My 3 tomato varieties are looking very ‘ordinary‘ and nothing like the lush thick foliage I had on my Tomato ‘Patio’ in the Spring/Summer of 2017.   I know they’re a different variety, but somehow, I really thought they’d have more foliage.

Perhaps they’re meant to have light foliage?  I’ve never grown these varieties before.

TOMATO #1 (left) Tomato Truss Sweet & TOMATO #2 (right) Tomato Sauce Maker

The Sweet Basil planted to be ‘companions’ have barely grown at all! (as you can see in the base of the Tomato plants above.

What is wrong with those Basil plants I wonder?  Not enough sun?  Too much wind?

I found 3 tiny tomatoes last week with 3 more miniature gems on the ‘Sweet Truss’ Tomato yesterday.

Tomato Plant #2 – Tomato Sauce Maker – has plenty of flowers, but no fruit yet (below).

Tomato Plant #3 – Tomato Genuwine – has only a hint of flowers (below).

The Beetroot plants have picked up in the last 2 days and are growing very well indeed.   I could use the leaves in salads already, but since I’m growing them this year for Beets, I’ll allow the leaves to stay in case they’re needed to keep the plant growing.

The Japanese Maple in front of my balcony has flowers!

I’ve never seen Maple flowers before and certainly not in the last 3 years since I moved to this western suburb.

………and the Superb Fairy-wrens have been absent, except for the bright blue feathered male below.

Even he was reluctant to show his face yesterday, as though he is embarrassed about leaving his ‘lady-loves’ stuck at home nest-sitting and bored out of their avian minds.

 

 

WISTERIA FLORIBUNDA WHITE (Wisteria floribunda ‘Alba’) ??????

There may be too many new half-finished apartment buildings in the streets surrounding my home, but I can’t help but be grateful for the landscaping that usually surrounds each one.

It’s reassuring to know councils and developers keep the aethetics in mind, as well as the ‘concrete’.

The Wisteria near my local supermarket is an absolute delight at the moment and luckily I had a camera with me last Tuesday morning.

Not sure whether this white variety is the Japanese variety or not, but we’ll pretend it is.

 

Wisteria floribunda White (Wisteria floribunda ‘Alba’) features long racemes of beautiful sweetly scented pure white blooms on vines that twine in a clockwise direction.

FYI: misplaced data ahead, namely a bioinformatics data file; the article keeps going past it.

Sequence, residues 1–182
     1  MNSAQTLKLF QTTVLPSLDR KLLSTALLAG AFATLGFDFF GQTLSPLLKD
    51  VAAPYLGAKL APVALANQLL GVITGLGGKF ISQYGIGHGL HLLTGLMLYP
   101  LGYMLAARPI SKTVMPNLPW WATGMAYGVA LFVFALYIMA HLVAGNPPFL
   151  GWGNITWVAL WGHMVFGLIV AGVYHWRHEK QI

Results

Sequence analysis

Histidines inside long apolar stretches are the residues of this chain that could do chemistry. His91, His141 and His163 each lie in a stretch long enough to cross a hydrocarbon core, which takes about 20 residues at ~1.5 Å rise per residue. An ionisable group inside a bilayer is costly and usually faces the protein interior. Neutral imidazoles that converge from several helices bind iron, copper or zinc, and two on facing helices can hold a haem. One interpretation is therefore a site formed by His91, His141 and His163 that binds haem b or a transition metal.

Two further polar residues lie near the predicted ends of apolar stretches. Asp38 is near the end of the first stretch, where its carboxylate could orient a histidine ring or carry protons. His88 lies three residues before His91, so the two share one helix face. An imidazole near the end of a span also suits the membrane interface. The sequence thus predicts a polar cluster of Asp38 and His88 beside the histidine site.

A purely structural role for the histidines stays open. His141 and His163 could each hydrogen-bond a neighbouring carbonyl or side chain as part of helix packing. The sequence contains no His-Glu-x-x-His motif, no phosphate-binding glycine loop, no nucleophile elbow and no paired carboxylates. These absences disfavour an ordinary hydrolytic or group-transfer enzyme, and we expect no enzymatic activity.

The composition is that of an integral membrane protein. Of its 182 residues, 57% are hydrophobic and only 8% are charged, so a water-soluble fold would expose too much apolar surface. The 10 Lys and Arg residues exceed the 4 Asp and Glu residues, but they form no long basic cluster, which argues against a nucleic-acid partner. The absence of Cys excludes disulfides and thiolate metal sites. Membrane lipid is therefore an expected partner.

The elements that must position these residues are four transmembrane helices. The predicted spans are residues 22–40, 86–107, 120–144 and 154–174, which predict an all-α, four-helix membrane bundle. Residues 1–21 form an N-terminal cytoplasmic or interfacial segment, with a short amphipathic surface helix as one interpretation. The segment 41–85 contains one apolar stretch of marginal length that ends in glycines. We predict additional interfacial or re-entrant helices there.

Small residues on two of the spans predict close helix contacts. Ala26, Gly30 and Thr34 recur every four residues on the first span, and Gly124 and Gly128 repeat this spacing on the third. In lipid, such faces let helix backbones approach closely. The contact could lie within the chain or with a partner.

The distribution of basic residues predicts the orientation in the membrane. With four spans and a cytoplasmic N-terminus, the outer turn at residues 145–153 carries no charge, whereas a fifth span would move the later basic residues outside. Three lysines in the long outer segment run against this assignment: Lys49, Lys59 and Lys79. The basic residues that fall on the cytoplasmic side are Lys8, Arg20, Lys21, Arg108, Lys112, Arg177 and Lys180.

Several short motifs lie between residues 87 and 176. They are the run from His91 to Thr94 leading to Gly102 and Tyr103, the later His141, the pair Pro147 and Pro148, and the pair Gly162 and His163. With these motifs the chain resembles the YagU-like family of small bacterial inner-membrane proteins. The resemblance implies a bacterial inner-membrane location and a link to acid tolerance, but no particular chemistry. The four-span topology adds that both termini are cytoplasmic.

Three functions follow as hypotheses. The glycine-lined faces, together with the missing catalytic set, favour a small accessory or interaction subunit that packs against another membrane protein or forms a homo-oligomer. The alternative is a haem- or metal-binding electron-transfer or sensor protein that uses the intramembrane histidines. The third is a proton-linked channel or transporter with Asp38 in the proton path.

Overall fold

NOTE: Please don’t hesitate to correct me in the comments section if I have identified any flower or tree incorrectly.   My memory sometimes goes completely blank and I scratch around in its depths in the hope of pulling out even the most common flower names at times.

ROUNDED NOON FLOWERS or PIGFACE (Disphyma crassifolium subspecies. clavellatum)

Browsing through my archives last night, I came across the images I took at Newells Paddock Nature and Conservation Reserve, located about 4 kms (2.3 miles) along the river path, around this time in 2017.

Photo below was actually made on 26th March 2017 and is a great view of this remarkable area.

Photo taken in summer of NEWELLS PADDOCK NATURE RESERVE main pond. Melbourne city in the far upper right background.

You can read a little more of the history behind this wetlands and conservation area here.

ROUNDED NOON-FLOWER (Disphyma crassifolium ssp clavellatum)

It’s Rounded Noon Flower season now as I noticed a tiny patch at the opposite end of my apartment building last Wednesday (left).

In the meantime, here’s a few images made in 2017 to remind long-time followers of the stunning display of Pigface (or Rounded Noon Flowers) below.  These fowers have various names so you might know them by a different one.

I’m hoping to go back again this year to photograph more of the bird life, but since it’s a bit far from the bus stop, it might have to be a taxi journey there and back, as I can’t walk as far as I used to pre hip osteoarthritis.    I’d rather use my limited walking range to walk around the wetlands and reserve, than waste it on walking from the bus stop through ordinary residential areas to actually get there.

I did walk home along the river path back when I first moved to this western suburb of Melbourne to live in 2016, so I know by the walking trail signposts exactly how far it is.

Not far for normal healthy fit people to walk, but nowadays, too far for me.

In the meantime, here’s a sample of that stunning splash of colour on the ground at Newells Paddock.

ROUNDED NOON-FLOWER (Disphyma crassifolium ssp clavellatum)
ROUNDED NOON-FLOWER (Disphyma crassifolium ssp clavellatum)
ROUNDED NOON-FLOWER (Disphyma crassifolium ssp clavellatum)

This area is also where I was so engrossed with the camera up to my eye, I didn’t notice a White-faced Heron walk up to about 10 feet away from where I was standing.

HOUSE SPARROWS (Passer domesticus)……….and the weather

The wind has been more than a little gusty in my area over the last 5-6 days.    In fact, the Spring winds have been downright ferocious and threatened to blow my garden away.

Check out the background in the image below.  Can you see the Japanese Maple branches and foliage are near horizontal?  At one stage, the Maple’s branches seemed to bend over in half and almost touched the ground.   I had grave fears for the tree’s well-being, but it seemed to bend and sway with the elasticity that most young saplings have.